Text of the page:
Taking 4 years to build, starting in 2000; launched in Lake Travis in 2004; heavily sailed and thoroughly enjoyed for years; hauled out in 2012; driven to the coast for its saltwater christening and to sail the weeklong Texas 200 in 2013; lovingly restored over the course of a few more years; relaunched on Lake Travis in 2019. Monte has taken great pains over the years to keep her looking and sailing like new. A pretty boat, indeed. Also, still the best dancefloor on Lake Travis. 🙂
Rachel and her friend Becky are visiting this weekend. We didn’t think we could keep up with a couple of vivacious 30-something’s in downtown Austin on a Friday night, so I dropped them downtown tonight for an evening of fun. I was treated to a view of tonight’s lovely sunset on the way home.
Day 13 – We are still tied up at a boatyard waiting for the Belt Line Railway Bridge at MM2.5 to open. Below, we are second from the left, boats waiting…
We haven’t been idle, though. This morning Lori went for a run, I found a geocache, and walked through a nearby wooded park.
We are in an area called Great Bridge. The nearby historical markers tell a story of the first-ever Revolutionary land battle in Virginia Colony which was fought right here. And we won! The British forces were repelled with great losses, and that was the first victory for the American colonies in the war.
This afternoon we cleaned the boat top-sides and inside. Laundry, showers ashore, and then a lovely dinner of tapas and wine at a restaurant less than a mile away.
We learned tonight that the bridge is now OPEN!! We will leave in the morning to travel these last 12 miles. One last sunset on the canal!
I’ve enjoyed chatting with our temporary dock neighbors. Everyone has a story to tell.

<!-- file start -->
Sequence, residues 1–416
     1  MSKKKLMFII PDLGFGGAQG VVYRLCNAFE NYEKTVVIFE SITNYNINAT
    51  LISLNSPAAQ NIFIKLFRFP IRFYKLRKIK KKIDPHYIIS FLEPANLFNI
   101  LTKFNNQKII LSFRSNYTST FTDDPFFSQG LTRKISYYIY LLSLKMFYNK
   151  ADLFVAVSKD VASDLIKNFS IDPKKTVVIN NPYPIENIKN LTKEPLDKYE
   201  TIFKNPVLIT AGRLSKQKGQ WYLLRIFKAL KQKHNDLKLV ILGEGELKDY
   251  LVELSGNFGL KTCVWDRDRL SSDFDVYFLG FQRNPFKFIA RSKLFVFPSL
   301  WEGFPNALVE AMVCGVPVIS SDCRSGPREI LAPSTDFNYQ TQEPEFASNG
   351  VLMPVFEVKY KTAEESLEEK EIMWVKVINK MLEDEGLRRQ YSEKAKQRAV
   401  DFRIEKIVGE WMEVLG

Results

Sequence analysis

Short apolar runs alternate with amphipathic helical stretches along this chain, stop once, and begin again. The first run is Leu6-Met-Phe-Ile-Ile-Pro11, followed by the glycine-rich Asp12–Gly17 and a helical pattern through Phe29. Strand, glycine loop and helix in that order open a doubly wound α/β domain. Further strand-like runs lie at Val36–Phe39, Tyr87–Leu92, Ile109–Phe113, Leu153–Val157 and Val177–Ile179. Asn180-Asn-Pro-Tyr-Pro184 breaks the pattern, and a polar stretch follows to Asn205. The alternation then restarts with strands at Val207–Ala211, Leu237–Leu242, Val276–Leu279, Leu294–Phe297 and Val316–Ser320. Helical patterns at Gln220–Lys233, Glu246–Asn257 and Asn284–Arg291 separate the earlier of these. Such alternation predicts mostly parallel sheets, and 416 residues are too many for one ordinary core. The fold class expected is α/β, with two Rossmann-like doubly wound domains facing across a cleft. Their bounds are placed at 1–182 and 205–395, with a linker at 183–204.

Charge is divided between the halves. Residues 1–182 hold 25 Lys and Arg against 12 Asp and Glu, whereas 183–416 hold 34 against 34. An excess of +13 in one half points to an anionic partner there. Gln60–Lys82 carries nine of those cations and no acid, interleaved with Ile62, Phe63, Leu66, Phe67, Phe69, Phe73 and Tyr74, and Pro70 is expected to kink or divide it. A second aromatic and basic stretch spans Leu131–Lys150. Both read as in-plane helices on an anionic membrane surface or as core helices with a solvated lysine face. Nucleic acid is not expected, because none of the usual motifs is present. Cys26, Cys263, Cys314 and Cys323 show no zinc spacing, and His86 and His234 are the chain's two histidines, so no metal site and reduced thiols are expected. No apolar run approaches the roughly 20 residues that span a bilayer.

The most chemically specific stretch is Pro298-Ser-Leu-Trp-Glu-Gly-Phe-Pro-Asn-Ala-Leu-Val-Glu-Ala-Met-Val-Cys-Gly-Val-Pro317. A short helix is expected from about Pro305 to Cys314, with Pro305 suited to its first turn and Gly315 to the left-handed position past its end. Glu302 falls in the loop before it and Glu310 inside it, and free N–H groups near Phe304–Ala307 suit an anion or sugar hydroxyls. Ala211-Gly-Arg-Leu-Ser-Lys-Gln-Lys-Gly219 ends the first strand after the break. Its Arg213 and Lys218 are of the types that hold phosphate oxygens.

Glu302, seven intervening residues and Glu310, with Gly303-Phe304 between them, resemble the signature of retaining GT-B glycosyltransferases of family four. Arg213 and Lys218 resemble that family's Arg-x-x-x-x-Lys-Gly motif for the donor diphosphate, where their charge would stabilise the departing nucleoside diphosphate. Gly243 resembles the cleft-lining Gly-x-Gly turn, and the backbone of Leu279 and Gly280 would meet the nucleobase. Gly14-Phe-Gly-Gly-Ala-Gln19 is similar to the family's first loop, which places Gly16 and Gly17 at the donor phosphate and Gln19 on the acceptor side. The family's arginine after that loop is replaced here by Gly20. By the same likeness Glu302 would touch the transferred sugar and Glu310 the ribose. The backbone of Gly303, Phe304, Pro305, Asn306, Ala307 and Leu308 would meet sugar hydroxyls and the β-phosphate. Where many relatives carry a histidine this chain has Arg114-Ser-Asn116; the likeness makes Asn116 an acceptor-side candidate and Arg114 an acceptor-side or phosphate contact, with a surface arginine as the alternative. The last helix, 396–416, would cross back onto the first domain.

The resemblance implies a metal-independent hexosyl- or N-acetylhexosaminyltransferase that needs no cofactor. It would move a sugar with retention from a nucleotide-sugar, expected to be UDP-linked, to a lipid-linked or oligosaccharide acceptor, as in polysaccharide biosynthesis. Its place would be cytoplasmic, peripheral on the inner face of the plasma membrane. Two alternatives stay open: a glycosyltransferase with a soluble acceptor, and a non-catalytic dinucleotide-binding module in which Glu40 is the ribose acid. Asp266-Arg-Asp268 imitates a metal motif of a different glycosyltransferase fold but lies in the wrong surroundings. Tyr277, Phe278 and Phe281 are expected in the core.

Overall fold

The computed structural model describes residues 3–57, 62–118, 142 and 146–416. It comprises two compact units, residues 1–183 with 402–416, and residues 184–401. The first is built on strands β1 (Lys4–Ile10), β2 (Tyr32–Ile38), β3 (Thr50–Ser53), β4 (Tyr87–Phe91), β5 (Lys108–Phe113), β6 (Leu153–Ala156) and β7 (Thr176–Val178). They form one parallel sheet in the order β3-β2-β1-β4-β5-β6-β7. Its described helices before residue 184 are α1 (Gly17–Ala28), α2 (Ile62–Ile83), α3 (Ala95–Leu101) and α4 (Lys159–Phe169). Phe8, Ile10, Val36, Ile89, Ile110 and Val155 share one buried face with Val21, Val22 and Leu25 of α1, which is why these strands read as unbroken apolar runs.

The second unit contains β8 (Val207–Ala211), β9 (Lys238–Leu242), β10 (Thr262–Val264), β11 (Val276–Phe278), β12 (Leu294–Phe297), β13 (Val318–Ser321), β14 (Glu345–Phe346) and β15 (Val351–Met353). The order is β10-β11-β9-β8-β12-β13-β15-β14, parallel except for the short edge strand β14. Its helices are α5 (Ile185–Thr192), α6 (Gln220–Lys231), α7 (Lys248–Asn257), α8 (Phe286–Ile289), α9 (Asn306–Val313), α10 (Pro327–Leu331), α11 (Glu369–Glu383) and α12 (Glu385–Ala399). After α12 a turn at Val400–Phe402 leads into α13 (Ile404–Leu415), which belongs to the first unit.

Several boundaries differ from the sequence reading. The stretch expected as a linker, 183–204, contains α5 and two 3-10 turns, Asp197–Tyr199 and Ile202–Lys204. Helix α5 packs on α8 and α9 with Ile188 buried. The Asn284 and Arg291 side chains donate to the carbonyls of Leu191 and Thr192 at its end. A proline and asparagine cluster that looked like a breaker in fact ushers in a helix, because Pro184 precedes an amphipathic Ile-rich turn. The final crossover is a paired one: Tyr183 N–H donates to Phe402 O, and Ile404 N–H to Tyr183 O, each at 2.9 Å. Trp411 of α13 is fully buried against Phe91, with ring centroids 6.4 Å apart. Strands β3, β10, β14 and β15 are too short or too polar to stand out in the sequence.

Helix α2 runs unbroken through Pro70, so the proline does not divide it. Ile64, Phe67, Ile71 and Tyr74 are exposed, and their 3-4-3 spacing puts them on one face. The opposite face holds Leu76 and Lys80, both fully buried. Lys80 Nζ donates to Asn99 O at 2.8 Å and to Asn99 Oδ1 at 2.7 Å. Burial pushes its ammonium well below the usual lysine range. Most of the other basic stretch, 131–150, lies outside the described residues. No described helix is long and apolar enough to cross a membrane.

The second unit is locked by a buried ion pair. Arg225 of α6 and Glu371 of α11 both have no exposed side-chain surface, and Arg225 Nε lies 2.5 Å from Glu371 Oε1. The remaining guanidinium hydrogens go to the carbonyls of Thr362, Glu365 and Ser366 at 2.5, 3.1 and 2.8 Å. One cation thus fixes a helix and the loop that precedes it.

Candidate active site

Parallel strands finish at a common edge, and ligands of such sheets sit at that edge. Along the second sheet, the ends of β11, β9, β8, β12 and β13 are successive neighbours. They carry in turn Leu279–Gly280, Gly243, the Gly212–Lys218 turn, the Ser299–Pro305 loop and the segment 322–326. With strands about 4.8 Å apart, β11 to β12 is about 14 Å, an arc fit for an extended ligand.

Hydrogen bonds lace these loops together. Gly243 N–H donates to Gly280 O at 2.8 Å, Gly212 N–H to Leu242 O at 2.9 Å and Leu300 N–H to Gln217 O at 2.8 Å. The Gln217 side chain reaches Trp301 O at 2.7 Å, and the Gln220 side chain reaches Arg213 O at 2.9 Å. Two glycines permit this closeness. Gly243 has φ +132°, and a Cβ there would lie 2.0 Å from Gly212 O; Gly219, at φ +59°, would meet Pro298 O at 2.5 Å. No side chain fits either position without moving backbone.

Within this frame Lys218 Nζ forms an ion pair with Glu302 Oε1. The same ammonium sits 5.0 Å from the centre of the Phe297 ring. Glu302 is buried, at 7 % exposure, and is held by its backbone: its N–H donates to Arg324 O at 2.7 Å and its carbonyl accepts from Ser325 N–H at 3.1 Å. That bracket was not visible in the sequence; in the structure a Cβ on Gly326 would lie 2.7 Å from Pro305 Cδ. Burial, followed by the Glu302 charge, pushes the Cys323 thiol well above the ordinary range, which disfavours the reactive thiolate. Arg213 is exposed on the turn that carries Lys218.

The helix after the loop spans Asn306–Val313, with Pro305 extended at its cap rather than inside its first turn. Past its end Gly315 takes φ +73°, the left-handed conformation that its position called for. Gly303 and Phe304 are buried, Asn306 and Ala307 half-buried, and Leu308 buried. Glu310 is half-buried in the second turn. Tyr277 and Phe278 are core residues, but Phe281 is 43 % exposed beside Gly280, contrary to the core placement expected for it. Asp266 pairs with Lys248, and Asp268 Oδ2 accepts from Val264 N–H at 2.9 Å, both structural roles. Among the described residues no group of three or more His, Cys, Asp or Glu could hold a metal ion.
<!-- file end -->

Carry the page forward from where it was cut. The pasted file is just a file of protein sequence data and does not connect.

Day 12 – 5 bridges. 37 miles. So close, but yet so far. Lori and I got up this morning at 5AM and were off the dock by sunrise.
We knew it would be a challenge today: maintaining a good average speed, the number of bridges, one lock, and some of them only open on the hour. But as of 2pm, we were ahead of schedule! We had worked so hard today to eek every tenth of a knot of speed from the sails. Then, just 12 miles from our destination of MM 0, we learned over VHF from a benevolent bridge tender that the last bridge up ahead that we needed to pass through today, at MM2.5, was stuck in the down position since yesterday. ETA for opening: 0700 Monday morning. Ack! Today is Saturday.
Luckily we were right next to one of only two dockage options for the night, so we hailed them on the radio and asked if they had room, and they did.
So, here we sit, VERY close to ground zero, but having to wait it out. We have electricity, food, and wine, so all is good.
But MAN we were so close!!!
On a positive note, I saw lots of flying things! 🙂
Day 5 – 5 bridges. 56 miles. The new thing today was having to time our arrival at bridges that only open on the hour, or on the hour and half hour.
We had to dodge some hellacious thunder and lightning storms by doing circles for a bit. The currents seemed to be fickle today. There are so many inlets to and from the Atlantic that one minute we’ll have the tide with us. But then we cross an inlet, and the current turns against us. Where inlets and rivers cross the ICW, sand builds up into shallow shoals, some are quite large and stick up above the surface of the water. We passed this one where the locals had erected a flag, a palm tree, and a parking meter with a cleat on the side for boats to tie up. 🙂
The ICW in these parts flows right past the United States Marine Corps’ Camp LeJeune. The ICW is sometimes closed here for hours due to live ammunition fire exercises.
There were no live-fire exercises today, thankfully. We had originally planned to anchor right off the ICW here for the night. But, we had to abandon that plan due to the anchorage being closed for military exercises. We saw a space-age amphibious vehicle enter right in front of us.
I wonder what they would have done if we pulled in there to anchor. 🙂
So we continued 15 miles farther north than we’d planned to be today, and are now at a lovely anchorage at the town of Swansboro. We grilled kebabs, watched a wedding reception on the waterfront, watched our boat swing until the currents changed 3 hours after high tide, and took in another lovely sunset.